Audio file info

You know how the Get Info window for an audio file displays the running time of the file?

Audio Get Info

I want to access that information from the command line, and I’ve found two ways to get at it.

First, there’s the afinfo command. There’s not much to it—no options to remember and just a single-line description in the man page:

Audio File Info prints out information about an audio file to stdout

Apple didn’t even bother to put a period at the end of the sentence.

Here’s how you run it,

afinfo b042b38b.m4a

and here’s the kind of output it produces

File:           b042b38b.m4a
File type ID:   m4af
Num Tracks:     1
Data format:     2 ch,  44100 Hz, 'aac ' (0x00000000) 0 bits/channel, 0 bytes/packet, 1024 frames/packet, 0 bytes/frame
Channel layout: Stereo (L R)
estimated duration: 7209.980227 sec
audio bytes: 85714997
audio packets: 310510
bit rate: 95106 bits per second
packet size upper bound: 956
maximum packet size: 956
audio data file offset: 1302118
audio 317960128 valid frames + 2112 priming + 0 remainder = 317962240
format list:
[ 0] format:      2 ch,  44100 Hz, 'aac ' (0x00000000) 0 bits/channel, 0 bytes/packet, 1024 frames/packet, 0 bytes/frame
Channel layout: Stereo (L R)

I can’t help but smirk at an “estimated duration” that’s reported to the millionth of a second.

Because there are no options to allow you to limit the output to just one field, you have to filter out all the dreck on your own. To get just the duration, awk is handy. This command,

afinfo b042b38b.m4a | awk '/duration/{print $3}'

will print just what I want: 7209.980227.

A better command, though is mdls, part of the suite of md* commands that do Spotlighty things with file metadata. This one lists (ls) the metadata (md) of the file given to it on the command line. To get all the metadata at once, run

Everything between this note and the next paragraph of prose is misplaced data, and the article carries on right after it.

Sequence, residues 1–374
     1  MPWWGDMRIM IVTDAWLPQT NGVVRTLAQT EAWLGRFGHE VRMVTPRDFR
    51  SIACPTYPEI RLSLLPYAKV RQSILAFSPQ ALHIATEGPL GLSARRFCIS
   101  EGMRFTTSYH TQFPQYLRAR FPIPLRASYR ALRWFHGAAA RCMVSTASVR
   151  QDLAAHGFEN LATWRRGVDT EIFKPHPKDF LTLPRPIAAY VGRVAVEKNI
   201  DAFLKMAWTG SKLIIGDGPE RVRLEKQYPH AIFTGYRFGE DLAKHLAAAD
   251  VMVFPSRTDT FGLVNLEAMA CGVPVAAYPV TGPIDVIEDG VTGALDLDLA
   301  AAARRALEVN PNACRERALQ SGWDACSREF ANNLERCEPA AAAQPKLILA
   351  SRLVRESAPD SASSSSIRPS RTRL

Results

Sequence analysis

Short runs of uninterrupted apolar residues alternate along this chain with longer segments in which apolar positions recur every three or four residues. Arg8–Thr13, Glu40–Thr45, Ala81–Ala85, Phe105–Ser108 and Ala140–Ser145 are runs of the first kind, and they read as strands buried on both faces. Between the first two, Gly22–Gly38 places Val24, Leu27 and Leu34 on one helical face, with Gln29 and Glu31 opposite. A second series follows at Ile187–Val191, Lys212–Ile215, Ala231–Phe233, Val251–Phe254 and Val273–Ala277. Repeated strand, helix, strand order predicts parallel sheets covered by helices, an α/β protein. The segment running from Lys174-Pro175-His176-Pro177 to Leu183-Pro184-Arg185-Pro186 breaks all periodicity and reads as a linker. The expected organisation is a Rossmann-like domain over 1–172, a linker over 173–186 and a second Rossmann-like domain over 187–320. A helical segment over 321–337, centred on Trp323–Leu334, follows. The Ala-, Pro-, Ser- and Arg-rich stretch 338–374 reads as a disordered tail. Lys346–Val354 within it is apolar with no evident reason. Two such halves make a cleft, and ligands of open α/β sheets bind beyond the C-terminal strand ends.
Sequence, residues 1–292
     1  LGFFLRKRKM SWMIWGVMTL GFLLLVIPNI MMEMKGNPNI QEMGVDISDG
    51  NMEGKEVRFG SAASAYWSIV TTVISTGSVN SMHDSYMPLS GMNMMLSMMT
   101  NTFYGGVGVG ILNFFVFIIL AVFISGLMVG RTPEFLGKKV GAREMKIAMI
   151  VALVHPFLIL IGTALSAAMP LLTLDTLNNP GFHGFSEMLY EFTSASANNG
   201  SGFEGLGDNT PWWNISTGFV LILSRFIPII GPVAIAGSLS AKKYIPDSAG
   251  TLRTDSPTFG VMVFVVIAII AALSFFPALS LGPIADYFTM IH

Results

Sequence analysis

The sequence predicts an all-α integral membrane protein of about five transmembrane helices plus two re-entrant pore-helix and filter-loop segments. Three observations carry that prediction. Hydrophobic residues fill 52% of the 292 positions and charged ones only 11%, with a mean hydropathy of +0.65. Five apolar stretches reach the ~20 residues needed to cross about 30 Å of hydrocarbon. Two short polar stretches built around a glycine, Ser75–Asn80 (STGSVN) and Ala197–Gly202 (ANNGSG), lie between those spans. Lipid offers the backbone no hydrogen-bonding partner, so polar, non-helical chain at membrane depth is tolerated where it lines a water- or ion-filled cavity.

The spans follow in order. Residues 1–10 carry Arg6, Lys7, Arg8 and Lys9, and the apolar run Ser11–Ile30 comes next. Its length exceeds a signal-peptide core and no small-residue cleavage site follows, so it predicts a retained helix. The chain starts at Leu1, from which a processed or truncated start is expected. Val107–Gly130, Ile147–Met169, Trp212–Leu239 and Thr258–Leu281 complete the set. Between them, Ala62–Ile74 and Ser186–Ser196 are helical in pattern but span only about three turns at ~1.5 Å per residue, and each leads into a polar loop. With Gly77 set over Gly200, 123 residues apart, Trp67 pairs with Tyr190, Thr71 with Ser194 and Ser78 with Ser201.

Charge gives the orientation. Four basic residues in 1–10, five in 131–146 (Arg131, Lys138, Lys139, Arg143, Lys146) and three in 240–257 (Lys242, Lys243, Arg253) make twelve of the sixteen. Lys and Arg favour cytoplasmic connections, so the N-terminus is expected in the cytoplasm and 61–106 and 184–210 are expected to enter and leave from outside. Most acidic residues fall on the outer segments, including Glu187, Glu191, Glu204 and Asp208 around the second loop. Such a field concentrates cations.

mdls b042b38b.m4a

To restrict the output to just one piece of information, use the -name option1 followed by the name of the attribute. For duration of an audio file, that name is kMDItemDurationSeconds. Thus,

mdls -name kMDItemDurationSeconds b042b38b.m4a


kMDItemDurationSeconds = 7209.98022675737

Now we see why the afinfo result is considered an estimate. This gives the duration to the hundred-billionth (\(10^{-11}\)) of a second.

Since we already know the attribute name, it’s kind of silly to print it out as part of the answer. The -raw option will give us just the number:

mdls -name kMDItemDurationSeconds -raw b042b38b.m4a

And when I say “just the number,” I mean it. There’s no newline after it.

Of the two, mdls is the better command to learn, and not just because you can restrict its output to just one piece of metadata. It’s the more general command, able to extract all the information you see in the Get Info window, and it works on every kind of file, not just audio files. The downside of mdls is that you’ll usually have to run it without -name to find the name of the attribute you want. But once you know the name, it’s easy to automate the process. For example, adding

alias duration='mdls -name kMDItemDurationSeconds -raw'

to your .bashrc file will give you a quick and easily remembered command for finding the duration of an audio file.

Irrelevant anecdote on significant digits
When I was in graduate school, I took a class in advanced reinforced concrete design from Mete Sozen, an excellent engineer and an excellent teacher. On the first day of class, he assigned a review problem in which we were to determine the cross-sectional area of steel needed to reinforce a simple concrete beam—the sort of thing that had been covered in our introductory r/c design class. We turned the homework in on the second day of class, and at the beginning of the third class, he handed the graded problems back to us and went to the blackboard.

“Someone,” Sozen said, “gave this answer,” and he wrote a number on the board that had three digits to the right of the decimal point. In other words, someone had handed in an answer with the steel area given to the thousandth of a square inch—far more precision than is warranted, or even possible, in reinforced concrete.

“Do you know what this answer means to me?” he asked, twirling a piece of chalk in his fingers.

We waited.

“It means shit!” he said, attacking the board with the chalk and repeatedly crossing out the number.

I was not the person who gave the overly precise answer, partly because I knew it wasn’t appropriate and partly because I’d been tipped off to this by a friend who’d had the class before me. Sozen did this every year—possibly moderating his language if there were women in the class. It was his way of impressing on us a sense of proportion and the limitations of our knowledge. It worked.

A few days later, my friend passed Sozen in the hall and said “I heard you put on a good show the other day.” Sozen smiled, winked, and kept walking.

  1. Yes, that’s just one dash; Apple doesn’t care about other people’s conventions for command line options.